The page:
In My Shoes

Article written by Ezme Burton – Blogger/ student from Limerick Tutorial College will be discussing her experience with mental health.

I am an 18 year old student studying for my Leaving Cert at Limerick Tutorial College. I would like to share my story with the world in the hope of encouraging others to seek help should they need it or look out for others who might.

Ezme Burton - the writer of this guest blog post
Ezme Burton – the writer of this guest blog post

My story

My issues began at a relatively young age with a general feeling of anxiousness and a warped sense of my self image. I began slowly to limit my food intake and hide my feelings from those around me, and to isolate myself from other activities. This resulted with me being diagnosed with clinical depression, anorexia and bulimia but things began to really escalate after the loss of my grandad by suicide I think that coupled with previous events in my life really sent me on a mental decline.

After trying everything from Doctors to psychiatrists to medication, which made my hair fall out, I realized that holding in my problems was holding back my recovery. I thought I was protecting those I loved by keeping quiet however, it only made my symptoms worse. I now realize the dangers of staying silent and would urge anyone bottling up problems to seek help.

My recovery

My first step to finding hope was being honest with the people around me. One year later I am free of medication and have developed my own coping strategies to keep myself on track, the support from friends and family has been really important to my journey of recovery. By using the Headspace App, visualization, breathing techniques and meditation I have created my own safe space. Now I realize my problems do not define who I am they are just a part of who I am. Everyone has different things that work for them, but here are mine which might be of benefit to someone:

  • Talk to your friends
  • Talk to your family
  • Go out and do things you enjoy
  • Don’t isolate yourself from people
  • But always remember if you don’t feel like you can talk to someone you know there are helplines there to listen 24/7
  • Listen to music or watch a movie
  • Staying active really helped me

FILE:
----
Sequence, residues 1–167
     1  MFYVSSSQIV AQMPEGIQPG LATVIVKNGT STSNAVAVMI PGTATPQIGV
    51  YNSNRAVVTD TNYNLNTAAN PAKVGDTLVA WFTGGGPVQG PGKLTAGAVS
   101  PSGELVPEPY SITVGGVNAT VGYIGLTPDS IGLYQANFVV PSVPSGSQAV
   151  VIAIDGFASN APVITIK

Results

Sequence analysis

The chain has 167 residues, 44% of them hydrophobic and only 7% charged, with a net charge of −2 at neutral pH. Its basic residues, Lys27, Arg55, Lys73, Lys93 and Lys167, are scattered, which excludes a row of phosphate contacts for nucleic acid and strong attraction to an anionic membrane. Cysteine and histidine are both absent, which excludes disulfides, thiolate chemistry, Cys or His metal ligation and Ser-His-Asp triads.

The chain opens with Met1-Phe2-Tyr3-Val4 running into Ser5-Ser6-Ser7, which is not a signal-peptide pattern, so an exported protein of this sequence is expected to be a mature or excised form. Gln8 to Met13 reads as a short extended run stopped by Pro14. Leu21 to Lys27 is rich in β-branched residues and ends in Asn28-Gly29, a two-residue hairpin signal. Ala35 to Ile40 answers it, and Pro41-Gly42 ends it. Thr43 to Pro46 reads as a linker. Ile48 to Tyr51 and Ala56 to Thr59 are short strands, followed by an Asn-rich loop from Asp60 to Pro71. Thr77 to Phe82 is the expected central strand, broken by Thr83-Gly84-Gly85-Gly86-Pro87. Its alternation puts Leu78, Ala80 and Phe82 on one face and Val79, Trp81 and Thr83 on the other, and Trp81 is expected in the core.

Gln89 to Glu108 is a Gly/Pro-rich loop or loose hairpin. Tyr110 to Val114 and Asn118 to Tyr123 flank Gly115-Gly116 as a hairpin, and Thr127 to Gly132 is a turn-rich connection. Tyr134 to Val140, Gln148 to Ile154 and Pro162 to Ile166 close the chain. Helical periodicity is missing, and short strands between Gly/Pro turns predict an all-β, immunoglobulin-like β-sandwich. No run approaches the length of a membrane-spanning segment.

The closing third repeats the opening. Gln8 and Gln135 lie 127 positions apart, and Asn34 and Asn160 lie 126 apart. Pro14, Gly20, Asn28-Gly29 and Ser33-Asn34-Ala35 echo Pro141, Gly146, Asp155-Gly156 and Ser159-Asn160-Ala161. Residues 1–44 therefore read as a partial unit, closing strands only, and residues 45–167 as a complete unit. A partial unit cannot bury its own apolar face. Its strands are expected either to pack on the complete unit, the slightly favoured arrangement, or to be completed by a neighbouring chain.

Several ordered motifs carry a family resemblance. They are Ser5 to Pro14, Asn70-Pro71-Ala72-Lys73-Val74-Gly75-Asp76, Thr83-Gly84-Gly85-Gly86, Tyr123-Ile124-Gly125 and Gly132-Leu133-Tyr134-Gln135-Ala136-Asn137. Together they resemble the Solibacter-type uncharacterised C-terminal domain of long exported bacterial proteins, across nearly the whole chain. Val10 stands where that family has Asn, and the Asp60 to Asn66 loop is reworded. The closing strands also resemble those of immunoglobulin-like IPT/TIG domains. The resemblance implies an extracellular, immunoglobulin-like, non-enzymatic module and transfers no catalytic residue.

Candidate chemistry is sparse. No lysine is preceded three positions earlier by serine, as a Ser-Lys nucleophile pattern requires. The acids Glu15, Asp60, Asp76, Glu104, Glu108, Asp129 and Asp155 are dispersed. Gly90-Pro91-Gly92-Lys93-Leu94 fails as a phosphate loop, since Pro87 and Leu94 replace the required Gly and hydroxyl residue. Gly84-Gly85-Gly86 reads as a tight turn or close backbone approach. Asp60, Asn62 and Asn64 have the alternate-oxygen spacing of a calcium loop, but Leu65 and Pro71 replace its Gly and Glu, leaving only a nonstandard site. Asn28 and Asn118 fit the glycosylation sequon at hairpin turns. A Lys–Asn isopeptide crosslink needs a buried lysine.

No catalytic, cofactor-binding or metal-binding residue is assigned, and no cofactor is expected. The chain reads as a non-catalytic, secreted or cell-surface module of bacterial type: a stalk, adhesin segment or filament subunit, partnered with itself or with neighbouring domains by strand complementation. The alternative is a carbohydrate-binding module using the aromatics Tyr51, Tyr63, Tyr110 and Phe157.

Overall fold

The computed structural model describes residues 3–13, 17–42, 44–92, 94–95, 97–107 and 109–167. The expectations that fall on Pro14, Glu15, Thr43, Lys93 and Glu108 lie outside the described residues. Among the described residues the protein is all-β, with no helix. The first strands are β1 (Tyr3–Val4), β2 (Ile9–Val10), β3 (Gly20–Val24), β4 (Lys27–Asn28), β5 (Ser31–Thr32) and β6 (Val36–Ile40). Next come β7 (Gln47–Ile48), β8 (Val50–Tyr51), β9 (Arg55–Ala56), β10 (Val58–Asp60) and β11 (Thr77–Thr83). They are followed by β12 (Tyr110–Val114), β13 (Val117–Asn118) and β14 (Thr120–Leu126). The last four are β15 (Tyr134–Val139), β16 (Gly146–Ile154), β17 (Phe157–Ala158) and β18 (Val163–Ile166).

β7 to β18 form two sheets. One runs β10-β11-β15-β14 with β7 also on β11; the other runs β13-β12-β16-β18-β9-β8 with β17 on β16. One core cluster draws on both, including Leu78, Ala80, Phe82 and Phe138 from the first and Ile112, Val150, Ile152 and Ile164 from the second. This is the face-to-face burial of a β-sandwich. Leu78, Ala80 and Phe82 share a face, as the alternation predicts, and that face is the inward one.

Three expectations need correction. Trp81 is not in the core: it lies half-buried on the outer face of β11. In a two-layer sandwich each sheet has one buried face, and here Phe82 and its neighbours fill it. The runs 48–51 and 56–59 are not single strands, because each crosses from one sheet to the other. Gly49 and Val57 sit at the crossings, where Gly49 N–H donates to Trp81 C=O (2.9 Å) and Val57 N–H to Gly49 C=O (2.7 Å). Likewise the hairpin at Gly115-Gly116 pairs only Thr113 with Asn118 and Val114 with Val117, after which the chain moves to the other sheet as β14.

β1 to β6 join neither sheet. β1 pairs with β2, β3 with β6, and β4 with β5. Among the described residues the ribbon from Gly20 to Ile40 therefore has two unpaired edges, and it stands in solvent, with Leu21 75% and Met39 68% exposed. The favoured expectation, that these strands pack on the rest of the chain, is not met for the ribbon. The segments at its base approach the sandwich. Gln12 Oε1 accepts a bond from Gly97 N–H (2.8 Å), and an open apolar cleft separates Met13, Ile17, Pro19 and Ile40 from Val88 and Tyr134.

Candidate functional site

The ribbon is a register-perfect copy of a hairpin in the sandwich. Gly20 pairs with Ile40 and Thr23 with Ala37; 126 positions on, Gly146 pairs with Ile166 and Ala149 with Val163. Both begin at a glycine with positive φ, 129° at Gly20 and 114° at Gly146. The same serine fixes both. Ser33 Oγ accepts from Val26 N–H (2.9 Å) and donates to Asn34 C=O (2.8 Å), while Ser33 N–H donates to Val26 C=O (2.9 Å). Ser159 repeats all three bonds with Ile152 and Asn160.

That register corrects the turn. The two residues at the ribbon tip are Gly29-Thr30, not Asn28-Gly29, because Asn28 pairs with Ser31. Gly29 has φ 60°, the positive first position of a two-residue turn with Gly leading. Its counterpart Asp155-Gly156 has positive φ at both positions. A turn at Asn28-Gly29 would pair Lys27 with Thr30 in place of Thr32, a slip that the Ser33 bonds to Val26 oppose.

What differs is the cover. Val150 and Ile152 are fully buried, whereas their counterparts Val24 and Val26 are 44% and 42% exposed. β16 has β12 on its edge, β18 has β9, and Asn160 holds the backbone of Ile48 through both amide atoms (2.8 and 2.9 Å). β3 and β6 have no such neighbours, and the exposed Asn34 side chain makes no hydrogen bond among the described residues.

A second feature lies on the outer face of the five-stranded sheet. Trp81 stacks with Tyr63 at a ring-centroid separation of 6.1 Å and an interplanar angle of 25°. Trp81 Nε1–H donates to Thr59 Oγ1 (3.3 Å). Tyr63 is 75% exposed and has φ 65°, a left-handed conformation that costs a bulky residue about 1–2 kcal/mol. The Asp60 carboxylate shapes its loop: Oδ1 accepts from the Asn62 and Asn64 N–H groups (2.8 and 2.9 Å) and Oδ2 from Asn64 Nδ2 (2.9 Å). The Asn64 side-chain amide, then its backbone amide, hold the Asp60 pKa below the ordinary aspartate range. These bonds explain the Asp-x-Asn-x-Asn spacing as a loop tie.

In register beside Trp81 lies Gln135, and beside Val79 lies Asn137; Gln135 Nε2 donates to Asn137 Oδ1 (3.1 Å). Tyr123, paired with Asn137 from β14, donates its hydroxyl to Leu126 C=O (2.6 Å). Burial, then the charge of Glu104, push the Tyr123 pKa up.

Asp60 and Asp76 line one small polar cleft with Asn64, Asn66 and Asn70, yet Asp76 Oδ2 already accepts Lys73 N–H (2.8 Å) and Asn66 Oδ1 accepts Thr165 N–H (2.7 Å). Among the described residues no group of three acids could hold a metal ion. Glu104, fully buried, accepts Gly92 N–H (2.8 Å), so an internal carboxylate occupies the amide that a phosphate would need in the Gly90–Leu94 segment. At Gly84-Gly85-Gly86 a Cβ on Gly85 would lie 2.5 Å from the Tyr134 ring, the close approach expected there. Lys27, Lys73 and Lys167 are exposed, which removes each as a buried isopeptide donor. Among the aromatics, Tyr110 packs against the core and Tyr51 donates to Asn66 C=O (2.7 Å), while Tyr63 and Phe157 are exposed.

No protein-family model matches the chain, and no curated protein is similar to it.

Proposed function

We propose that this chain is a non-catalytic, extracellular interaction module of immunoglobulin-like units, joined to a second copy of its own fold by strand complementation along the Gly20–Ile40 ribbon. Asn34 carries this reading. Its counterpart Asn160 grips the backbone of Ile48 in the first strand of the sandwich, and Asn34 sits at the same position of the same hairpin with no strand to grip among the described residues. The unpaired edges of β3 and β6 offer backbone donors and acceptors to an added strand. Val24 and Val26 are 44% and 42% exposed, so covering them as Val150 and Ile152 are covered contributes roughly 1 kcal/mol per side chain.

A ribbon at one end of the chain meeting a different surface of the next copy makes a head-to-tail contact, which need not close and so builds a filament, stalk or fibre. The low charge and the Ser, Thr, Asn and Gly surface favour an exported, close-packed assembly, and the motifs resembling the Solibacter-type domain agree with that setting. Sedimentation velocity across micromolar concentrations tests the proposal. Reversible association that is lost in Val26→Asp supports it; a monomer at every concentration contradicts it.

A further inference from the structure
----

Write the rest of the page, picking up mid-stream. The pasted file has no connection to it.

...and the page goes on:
One of the most important parts of the journey of my own recovery, is being able to share my story and the insights I have gained with a wide variety of people. The mental health statistics cause me pain,  especially the increasing numbers every year, with the age of people being affected decreasing with every overall statistic increased. I want to help people who are struggling with similar things but like I did, don’t feel able to voice it and ask for help. It is okay not to be okay. People are becoming more aware and outspoken about these challenging issues.

Improving mental health’s outlook

Everybody has a story to tell and it’s really important that we develop empathy as a nation and educate ourselves and others. In order to tell mine I have set up an Instagram page @ezmes_story as a way to reach a larger audience and to share my journey and helpful discoveries so that I may help others find their light.

These issues are becoming more spoken about now and this is only because of people like myself and public events like Limerick mental health week. Schools are only now beginning to implement a well being programme however I feel that mental health initiatives should take priority over academic results!  However, this weeks mental Health week offers a variety of inspiring talks and workshops around the theme of metal health. Along with the work of Pieta House offering support to those in crisis. Keep an eye out for Pieta Houses upcoming fundraisers for Feel Good Week starting 20-27th of October. Plus the outstanding work of Joe Burke from Baring My Soles for Pieta House. It is amazing to see the work being conducted by the volunteers at Limerick suicide Watch volunteers.


Pieta House 24-hour suicide helpline on -1800 247 247. Or, alternatively, text HELP to 51444 (standard message rates apply)

Childline Call us free on 0800 1111

Samaritans SMS – 087 260 9090

Bodywhys Ireland Helpline – 1890 200 444